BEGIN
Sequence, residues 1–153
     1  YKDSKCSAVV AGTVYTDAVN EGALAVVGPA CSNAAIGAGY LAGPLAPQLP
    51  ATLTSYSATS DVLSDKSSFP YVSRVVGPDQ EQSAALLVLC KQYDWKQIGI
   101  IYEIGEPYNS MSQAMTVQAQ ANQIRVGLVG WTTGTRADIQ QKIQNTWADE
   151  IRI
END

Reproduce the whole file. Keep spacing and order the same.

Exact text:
Sequence, residues 1–153
     1  YKDSKCSAVV AGTVYTDAVN EGALAVVGPA CSNAAIGAGY LAGPLAPQLP
    51  ATLTSYSATS DVLSDKSSFP YVSRVVGPDQ EQSAALLVLC KQYDWKQIGI
   101  IYEIGEPYNS MSQAMTVQAQ ANQIRVGLVG WTTGTRADIQ QKIQNTWADE
   151  IRI